SINGAPORE (Oct 10): Singapore's central bank is expected to keep monetary policy unchanged at its semiannual review this week as inflation remains subdued, but improving economic momentum could open the way for a tightening in 2018.
Twenty-four of 25 analysts in a Reuters survey conducted between Sept 25 to Oct 10, predicted the Monetary Authority of Singapore would keep its exchange-rate based policy on hold at its review, due on Oct 13 at 8am (0000 GMT). One analyst expects the MAS to tighten.
Thirteen analysts expect the MAS to tighten in 2018, with most of these expecting a move as early as April.
The results include eight new responses received after an earlier Reuters poll published on Sept 27.
The government's advanced estimate of third-quarter gross domestic product, due at the same time, is expected to show that GDP expanded 3.2% from the previous three months on an annualised basis, according to the median forecast in a Reuters survey. From a year earlier, GDP likely grew 3.8%.
That would put average year-on-year growth for the first three quarters at nearly 3.1%, slightly above the government's growth forecast range of 2.0% to 3.0% for all of 2017.
Although Singapore's trade-reliant economy has gained a boost this year from an improvement in global demand for electronics products and components, most economists expect the MAS to stand pat this week, given the lack of strong inflationary pressures.
"The price pressures are still quite subdued, inflation is picking up only gradually and hence the policy needs to be accommodative for a bit longer from an inflation perspective," said Mohamed Faiz Nagutha, ASEAN economist at Bank of America Merrill Lynch in Hong Kong.
Slack remains in the labour market and private consumption has been weak, he added.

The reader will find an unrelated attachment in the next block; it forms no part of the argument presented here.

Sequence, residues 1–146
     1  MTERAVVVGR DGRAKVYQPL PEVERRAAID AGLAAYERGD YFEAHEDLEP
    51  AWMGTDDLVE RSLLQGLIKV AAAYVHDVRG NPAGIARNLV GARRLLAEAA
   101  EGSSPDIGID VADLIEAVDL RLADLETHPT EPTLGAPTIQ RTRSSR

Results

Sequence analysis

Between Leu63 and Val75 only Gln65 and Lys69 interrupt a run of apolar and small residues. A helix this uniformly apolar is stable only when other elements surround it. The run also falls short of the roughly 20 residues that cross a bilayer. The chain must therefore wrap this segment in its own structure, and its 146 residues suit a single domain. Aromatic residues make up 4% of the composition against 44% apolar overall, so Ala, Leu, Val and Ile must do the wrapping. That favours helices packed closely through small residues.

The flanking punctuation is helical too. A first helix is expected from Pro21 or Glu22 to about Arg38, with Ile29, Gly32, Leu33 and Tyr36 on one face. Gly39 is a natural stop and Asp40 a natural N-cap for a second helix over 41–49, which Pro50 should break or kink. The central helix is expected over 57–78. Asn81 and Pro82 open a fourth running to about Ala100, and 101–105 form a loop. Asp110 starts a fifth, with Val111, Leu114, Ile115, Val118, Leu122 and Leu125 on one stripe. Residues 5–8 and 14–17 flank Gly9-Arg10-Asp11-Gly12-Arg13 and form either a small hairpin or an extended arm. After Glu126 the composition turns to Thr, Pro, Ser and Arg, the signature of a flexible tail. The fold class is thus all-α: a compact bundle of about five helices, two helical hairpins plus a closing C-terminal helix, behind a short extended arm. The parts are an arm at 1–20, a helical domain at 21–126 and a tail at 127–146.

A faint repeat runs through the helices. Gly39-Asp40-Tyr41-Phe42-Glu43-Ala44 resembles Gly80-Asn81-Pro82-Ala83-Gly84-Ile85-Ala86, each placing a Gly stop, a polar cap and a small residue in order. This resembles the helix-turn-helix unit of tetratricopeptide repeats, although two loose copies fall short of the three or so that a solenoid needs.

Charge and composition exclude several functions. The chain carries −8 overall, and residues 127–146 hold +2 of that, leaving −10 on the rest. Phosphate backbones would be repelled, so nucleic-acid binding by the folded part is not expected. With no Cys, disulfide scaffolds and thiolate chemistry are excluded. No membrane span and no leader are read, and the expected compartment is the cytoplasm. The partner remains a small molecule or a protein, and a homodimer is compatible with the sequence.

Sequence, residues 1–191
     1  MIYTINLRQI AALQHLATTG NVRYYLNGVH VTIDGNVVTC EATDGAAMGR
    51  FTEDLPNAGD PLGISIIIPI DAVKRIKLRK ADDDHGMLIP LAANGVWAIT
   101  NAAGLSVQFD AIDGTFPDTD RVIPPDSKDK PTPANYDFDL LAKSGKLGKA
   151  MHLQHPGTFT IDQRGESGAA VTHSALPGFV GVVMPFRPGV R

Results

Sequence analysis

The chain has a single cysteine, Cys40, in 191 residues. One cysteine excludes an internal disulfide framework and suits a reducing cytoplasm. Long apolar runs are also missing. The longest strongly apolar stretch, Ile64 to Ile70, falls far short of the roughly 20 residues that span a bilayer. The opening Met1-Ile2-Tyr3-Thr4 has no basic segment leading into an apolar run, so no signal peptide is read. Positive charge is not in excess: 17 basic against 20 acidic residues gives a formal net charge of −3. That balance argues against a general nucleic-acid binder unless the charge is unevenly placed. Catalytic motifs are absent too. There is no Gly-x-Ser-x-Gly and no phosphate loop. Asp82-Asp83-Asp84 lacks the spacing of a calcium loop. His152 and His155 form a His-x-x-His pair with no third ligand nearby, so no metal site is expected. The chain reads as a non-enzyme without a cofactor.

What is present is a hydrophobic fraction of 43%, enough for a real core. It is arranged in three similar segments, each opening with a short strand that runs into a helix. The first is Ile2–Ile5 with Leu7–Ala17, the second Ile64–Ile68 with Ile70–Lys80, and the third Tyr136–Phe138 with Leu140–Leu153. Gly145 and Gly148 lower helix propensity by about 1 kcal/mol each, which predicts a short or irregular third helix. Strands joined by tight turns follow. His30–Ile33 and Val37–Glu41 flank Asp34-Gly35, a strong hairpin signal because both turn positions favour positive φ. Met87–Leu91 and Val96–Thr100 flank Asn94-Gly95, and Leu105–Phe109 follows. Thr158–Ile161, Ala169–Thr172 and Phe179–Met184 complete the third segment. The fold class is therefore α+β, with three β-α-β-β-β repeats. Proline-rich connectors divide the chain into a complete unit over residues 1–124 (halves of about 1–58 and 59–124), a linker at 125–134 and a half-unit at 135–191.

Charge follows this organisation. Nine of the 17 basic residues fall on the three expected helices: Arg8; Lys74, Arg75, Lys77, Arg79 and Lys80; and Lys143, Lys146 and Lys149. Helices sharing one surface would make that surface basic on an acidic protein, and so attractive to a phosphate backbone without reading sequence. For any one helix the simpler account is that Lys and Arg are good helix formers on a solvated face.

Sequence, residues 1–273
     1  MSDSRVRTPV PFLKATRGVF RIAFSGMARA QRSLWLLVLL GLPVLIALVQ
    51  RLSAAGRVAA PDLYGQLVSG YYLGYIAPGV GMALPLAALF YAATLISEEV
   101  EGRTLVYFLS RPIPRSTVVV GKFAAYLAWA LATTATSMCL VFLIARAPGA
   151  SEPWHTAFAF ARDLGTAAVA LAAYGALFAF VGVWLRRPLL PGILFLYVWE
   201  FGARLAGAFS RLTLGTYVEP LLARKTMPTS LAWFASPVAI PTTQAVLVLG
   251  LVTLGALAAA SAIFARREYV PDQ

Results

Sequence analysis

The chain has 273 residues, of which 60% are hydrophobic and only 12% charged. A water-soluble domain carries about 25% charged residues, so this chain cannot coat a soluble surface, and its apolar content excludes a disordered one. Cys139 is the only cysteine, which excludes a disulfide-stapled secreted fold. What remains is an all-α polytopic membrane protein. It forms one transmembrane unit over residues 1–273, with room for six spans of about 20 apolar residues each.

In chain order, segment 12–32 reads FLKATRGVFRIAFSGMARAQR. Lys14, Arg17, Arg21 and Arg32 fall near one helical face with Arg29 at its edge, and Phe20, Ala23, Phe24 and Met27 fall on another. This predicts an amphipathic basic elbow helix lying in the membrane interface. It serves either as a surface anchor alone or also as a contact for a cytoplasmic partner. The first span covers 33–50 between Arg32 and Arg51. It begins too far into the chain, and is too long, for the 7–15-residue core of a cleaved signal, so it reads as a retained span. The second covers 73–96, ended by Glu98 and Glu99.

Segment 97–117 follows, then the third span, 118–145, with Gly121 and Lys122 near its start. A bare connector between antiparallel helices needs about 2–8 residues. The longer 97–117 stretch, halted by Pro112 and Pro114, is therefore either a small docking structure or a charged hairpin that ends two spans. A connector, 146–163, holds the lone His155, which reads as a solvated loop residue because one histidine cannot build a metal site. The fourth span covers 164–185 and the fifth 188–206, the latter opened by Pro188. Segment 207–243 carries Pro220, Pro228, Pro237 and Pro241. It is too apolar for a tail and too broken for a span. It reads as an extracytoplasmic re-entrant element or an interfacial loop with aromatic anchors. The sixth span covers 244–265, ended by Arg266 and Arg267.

Core inflation slowed to a five-month low of 1.4% year-on-year in August. In the second quarter private consumption expenditure rose just 0.1% from a year earlier.
Chua Hak Bin, regional economist at Maybank Kim Eng, the only analyst in the Reuters poll who expects the MAS to tighten this week, cited the pick-up in economic growth.
"The full-year (growth) may well exceed 3.0%... So growth has clearly surprised on the upside," Chua said.
The MAS could take a forward-looking view on inflation, and tighten by shifting to a slight appreciation bias for the Singapore dollar's policy band, he added.
The MAS manages monetary policy through exchange rate settings, rather than interest rates, letting the Singapore dollar rise or fall against the currencies of its main trading partners within in an undisclosed policy band based on its nominal effective exchange rate (NEER).
The central bank kept policy unchanged at its last review in April. It kept the rate of appreciation of the Singapore dollar NEER's policy band at zero percent, and made no changes to the mid-point and the width of the policy band.
The MAS also reiterated the forward guidance it introduced in October 2016, saying a "neutral" policy stance is appropriate for an "extended period".
Eleven analysts said they expect the MAS to remove or tweak its forward guidance, opening the way for future policy tightening. Nine others predicted no change to that language.